For the last six years, Moscow has been pursuing a multidimensional destabilization campaign against Ukraine. A limited and usually low-intensity shooting war in the Donbas is the most visible part of the campaign. The Kremlin has accepted punishing western sanctions as the price of this war, costing the Russian economy one percent of growth per year. The Minsk negotiations to resolve the conflict in Ukraine have been continuous and inconclusive. The global coronavirus pandemic and the sharp fall in hydrocarbon prices have put significant pressure on the Russian economy, yet there is no indication that this has influenced the Kremlin’s approach to Ukraine. What is the Kremlin’s foreign policy, and what does Moscow really want in Ukraine?

Discussing the Kremlin’s foreign policy in Ukraine are Vladimir Kara-Murza, chairman of the Boris Nemtsov Foundation for Freedom; Dimitri K. Simes, president and CEO of the Center for the National Interest and publisher of its foreign policy magazine, The National Interest; Ambassador Alexander Vershbow, distinguished fellow at the Atlantic Council’s Scowcroft Center for Strategy and Security and former US ambassador to Russia; and Dr. Celeste Wallander, president and CEO of the US-Russia Foundation, Ambassador John Herbst, director of the Atlantic Council’s Eurasia Center, moderates the discussion.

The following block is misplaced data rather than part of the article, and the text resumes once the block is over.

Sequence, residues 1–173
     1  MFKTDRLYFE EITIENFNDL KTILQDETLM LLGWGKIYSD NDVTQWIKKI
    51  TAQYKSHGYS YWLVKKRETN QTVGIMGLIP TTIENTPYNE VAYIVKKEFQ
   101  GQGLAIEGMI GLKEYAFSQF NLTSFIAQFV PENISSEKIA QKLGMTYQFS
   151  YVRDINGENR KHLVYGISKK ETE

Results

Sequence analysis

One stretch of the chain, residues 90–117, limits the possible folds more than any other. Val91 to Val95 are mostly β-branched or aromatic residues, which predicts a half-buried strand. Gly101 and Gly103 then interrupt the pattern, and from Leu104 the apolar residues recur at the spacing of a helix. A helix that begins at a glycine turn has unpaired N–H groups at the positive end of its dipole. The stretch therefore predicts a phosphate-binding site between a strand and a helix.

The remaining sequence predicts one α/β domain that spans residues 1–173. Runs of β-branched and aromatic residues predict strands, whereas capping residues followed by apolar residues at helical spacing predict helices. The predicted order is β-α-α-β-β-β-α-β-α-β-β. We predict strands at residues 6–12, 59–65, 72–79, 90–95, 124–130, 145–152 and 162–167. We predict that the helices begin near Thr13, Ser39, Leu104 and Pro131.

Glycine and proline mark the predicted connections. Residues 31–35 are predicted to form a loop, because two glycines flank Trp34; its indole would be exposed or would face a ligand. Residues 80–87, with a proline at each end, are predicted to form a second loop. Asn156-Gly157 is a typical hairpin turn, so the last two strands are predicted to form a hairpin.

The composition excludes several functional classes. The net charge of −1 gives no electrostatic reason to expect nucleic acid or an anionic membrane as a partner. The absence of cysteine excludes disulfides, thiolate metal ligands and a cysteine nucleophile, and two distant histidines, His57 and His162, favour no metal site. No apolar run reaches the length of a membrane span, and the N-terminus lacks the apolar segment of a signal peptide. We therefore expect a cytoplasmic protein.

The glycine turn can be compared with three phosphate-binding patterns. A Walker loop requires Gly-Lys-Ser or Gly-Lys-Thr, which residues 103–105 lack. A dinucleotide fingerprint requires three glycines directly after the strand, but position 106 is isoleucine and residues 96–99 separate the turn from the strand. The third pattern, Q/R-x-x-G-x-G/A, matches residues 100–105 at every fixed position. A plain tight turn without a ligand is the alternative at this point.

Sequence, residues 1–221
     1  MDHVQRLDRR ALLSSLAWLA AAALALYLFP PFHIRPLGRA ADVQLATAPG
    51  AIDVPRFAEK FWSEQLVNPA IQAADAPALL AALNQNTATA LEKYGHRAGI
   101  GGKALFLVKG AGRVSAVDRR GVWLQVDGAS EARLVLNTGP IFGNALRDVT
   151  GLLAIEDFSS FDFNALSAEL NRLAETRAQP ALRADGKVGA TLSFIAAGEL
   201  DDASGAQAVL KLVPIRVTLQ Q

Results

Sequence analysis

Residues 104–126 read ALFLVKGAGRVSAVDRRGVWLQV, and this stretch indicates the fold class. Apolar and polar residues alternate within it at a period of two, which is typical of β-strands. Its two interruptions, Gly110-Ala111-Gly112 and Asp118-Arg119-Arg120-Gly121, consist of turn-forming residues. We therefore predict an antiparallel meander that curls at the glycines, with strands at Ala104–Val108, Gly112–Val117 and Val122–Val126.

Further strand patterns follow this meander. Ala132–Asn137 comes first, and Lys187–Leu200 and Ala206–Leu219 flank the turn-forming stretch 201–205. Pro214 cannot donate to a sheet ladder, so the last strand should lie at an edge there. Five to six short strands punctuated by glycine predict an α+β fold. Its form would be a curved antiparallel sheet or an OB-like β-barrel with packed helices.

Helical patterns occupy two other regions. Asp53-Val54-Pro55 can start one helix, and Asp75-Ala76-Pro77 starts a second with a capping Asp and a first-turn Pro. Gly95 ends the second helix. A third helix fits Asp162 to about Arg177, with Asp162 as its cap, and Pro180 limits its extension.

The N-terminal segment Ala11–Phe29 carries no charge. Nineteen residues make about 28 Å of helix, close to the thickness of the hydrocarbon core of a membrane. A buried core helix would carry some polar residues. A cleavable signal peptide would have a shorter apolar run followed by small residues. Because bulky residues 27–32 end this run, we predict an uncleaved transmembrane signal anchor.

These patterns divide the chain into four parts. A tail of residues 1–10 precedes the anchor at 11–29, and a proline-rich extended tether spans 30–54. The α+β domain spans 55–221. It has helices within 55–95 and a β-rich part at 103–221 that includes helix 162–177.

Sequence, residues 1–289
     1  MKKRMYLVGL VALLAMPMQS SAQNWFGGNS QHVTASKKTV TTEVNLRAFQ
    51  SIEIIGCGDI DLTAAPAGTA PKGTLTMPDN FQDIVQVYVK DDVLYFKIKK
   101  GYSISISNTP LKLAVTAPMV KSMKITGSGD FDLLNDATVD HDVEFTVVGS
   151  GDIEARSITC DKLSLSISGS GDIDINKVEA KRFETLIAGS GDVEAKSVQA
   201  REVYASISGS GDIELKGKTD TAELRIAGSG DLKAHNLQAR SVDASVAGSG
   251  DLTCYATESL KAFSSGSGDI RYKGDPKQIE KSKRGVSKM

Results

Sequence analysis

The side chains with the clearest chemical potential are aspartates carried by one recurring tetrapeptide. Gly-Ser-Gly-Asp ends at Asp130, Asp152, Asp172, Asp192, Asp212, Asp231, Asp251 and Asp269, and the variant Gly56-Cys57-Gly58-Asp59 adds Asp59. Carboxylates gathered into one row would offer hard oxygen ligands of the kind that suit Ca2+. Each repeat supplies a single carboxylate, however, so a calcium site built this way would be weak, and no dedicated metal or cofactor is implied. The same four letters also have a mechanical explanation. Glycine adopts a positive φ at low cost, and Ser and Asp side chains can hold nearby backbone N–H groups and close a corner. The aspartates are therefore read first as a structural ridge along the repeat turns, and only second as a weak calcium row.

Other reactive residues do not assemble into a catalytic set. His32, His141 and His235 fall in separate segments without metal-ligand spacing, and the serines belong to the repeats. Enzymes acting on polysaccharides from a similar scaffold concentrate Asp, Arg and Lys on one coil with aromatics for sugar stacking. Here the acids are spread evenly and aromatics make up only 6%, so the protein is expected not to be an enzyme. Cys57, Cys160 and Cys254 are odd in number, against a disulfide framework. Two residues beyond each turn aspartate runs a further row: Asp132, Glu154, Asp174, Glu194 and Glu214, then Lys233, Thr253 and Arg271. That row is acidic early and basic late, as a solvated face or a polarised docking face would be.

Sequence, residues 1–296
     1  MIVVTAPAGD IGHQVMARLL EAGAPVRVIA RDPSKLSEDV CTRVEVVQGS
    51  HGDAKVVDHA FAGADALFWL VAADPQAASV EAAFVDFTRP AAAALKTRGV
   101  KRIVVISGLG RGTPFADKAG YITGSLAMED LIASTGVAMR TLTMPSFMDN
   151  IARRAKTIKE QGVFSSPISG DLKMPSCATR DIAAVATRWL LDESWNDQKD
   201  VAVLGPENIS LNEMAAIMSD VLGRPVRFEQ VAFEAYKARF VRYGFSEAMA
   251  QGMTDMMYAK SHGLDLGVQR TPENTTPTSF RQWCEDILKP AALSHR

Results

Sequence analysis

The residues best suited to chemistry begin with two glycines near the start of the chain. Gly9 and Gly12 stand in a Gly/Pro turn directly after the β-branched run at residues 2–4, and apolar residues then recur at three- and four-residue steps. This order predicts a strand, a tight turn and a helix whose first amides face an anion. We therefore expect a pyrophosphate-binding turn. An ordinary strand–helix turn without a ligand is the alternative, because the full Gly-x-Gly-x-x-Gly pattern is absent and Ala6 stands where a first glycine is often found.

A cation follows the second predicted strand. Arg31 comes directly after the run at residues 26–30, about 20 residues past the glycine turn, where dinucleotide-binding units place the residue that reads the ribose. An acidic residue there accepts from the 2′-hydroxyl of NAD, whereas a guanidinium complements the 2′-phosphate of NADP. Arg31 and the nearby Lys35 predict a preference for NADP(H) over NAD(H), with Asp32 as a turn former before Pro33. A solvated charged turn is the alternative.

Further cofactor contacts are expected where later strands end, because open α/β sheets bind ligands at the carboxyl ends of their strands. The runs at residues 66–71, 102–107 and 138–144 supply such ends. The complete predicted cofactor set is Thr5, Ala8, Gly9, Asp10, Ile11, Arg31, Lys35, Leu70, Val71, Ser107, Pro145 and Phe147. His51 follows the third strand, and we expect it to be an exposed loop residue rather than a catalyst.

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The Eurasia Center’s mission is to enhance transatlantic cooperation in promoting stability, democratic values and prosperity in Eurasia, from Eastern Europe and Turkey in the West to the Caucasus, Russia and Central Asia in the East.

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